With the current financial crisis, our GDP maybe down but I think we can take advantage of our population and past Olympic successes.

We need the political will to institute and implement a training program like that of China, which transformed itself dramatically from a sporting nobody with a mere 5-gold-medal haul in 1988 to an awesome juggernaut with 28 golds in 2000. During the 2000 Sydney games, China was #3 in the overall medals tally, trailing behind the US and Russia. And if you see the current medal standings above, China is now number TWO.

Can you imagine what China can do with its "host-effect" advantage in the Beijing 2008 Olympics?

Now, don't get me wrong. At this point, I do not want the Philippines to be in the same playing field as China. But we can at least try to, right?

Marami pa tayong kakaining bigas (We have lots of preparation to do).

Oh yes, I know that. But we got to start now. In China, they recruit children as young as 6-7 years old from their rural areas and train them 6 hours per day 6 days a week years before the Olympic games. Read about China's punishing training program for its Olympic candidates here and here and be amazed.

Why not do that?

China's claim that they know hardship is not foreign to us. Hah! We know hardship, too. What we lack is discipline and the HEART to be NATIONALISTIC enough to make this country great again. As for financial support, why not ask the taipans and other business tycoons to support our athletes?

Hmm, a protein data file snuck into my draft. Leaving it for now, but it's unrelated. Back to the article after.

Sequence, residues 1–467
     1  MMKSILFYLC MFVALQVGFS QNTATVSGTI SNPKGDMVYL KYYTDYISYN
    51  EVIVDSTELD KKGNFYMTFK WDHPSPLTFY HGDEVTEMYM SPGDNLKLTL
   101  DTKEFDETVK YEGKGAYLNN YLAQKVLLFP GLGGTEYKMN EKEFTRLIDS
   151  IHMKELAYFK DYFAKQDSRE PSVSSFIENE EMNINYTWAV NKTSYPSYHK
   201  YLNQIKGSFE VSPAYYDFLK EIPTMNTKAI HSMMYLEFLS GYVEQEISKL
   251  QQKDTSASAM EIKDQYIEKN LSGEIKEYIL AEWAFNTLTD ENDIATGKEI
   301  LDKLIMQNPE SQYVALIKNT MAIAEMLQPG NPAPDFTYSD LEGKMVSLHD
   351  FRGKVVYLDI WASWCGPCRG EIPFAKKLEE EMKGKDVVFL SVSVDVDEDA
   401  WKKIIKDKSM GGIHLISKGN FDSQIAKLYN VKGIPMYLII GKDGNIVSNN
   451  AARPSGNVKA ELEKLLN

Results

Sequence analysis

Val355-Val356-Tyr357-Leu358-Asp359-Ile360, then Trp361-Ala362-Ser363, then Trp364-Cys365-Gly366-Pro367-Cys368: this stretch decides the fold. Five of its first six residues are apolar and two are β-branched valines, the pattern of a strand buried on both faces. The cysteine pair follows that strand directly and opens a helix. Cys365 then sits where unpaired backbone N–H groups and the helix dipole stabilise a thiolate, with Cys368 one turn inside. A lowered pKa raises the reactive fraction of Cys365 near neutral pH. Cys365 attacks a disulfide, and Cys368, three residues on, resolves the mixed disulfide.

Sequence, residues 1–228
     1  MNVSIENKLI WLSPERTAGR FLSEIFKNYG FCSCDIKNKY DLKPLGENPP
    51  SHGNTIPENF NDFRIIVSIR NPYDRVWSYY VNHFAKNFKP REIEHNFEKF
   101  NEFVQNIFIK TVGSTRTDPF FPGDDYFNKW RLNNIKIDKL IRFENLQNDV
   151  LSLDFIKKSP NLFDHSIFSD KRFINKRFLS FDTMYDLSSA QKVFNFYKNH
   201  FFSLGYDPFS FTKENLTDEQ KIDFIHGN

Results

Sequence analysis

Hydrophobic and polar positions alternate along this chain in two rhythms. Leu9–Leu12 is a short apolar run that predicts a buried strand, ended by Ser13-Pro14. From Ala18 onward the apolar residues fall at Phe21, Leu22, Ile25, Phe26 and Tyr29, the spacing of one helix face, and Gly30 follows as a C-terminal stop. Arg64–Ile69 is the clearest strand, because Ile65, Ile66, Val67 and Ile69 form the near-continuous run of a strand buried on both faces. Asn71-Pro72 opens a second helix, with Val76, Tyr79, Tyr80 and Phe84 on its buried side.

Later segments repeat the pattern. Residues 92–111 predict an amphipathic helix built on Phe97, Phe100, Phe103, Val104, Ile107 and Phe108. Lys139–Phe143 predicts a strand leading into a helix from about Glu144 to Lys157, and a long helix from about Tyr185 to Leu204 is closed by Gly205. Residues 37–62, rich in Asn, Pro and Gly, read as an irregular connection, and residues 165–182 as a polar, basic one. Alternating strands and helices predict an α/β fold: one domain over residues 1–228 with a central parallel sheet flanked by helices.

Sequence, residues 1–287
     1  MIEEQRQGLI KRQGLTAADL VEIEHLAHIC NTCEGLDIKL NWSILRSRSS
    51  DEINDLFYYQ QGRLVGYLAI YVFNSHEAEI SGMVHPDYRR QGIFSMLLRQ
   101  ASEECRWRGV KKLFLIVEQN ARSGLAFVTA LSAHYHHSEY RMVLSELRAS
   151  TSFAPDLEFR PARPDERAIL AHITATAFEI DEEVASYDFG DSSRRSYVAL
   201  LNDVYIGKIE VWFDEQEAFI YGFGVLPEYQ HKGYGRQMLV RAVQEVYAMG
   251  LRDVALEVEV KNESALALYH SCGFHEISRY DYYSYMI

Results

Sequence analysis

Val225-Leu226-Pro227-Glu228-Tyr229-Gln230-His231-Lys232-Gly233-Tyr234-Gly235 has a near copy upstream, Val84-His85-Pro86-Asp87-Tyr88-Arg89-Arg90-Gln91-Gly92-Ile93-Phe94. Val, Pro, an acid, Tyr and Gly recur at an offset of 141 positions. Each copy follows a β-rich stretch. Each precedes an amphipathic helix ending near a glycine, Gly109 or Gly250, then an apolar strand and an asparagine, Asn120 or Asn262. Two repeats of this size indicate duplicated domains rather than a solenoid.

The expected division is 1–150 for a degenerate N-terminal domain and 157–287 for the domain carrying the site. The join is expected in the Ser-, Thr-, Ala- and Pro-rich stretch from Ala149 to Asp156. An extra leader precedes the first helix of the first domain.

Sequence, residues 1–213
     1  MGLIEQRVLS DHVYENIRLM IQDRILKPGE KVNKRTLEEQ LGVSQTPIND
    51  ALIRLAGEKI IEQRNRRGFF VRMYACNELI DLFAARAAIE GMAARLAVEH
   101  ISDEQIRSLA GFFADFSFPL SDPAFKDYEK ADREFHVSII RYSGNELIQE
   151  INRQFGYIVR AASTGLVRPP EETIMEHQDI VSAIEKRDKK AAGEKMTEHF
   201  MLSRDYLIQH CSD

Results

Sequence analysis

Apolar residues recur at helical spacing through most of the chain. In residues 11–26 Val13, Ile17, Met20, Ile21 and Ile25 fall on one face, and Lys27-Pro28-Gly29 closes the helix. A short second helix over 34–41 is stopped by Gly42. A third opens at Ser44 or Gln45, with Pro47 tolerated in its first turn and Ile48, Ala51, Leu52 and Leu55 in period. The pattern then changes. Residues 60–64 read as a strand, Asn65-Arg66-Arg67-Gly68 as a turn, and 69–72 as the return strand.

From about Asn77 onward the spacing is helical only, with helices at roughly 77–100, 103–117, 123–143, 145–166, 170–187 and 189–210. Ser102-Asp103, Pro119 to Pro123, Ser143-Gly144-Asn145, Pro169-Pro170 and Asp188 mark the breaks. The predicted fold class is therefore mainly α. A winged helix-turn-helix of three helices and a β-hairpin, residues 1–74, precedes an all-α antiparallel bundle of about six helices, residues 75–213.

Manny Lopez, head of the Philippines' Amateur Boxing Association is scratching his head after the debacle that has befallen the Philippine boxing team. When the second round of the Olympic boxing competitions ended, the four Filipinos had been wiped out:
"I've been trying to figure out what went wrong. I would be a fool not to admit that something is wrong with our boxing program. It is quite obvious we are not doing well."
Not just the boxing program, Manny. I think the whole Philippine Olympic team needs an overhaul and a new set of athletes and coaches.

Xu Guangshu, former principal of the Shichahai Sports School in Beijing, which is another Olympic cradle for producing China's awesome athletes, has this to say,
"Just name the sport, if you give us enough money for proper training, we can create Olympic stars. WE HAVE SO MANY CHILDREN TO CHOOSE FROM." [ TIME Asia Magazine, August 9 issue, all caps and bold words mine]
So do we, Mr. Guangshu, so do we.

I hope we get our act together for Beijing 2008.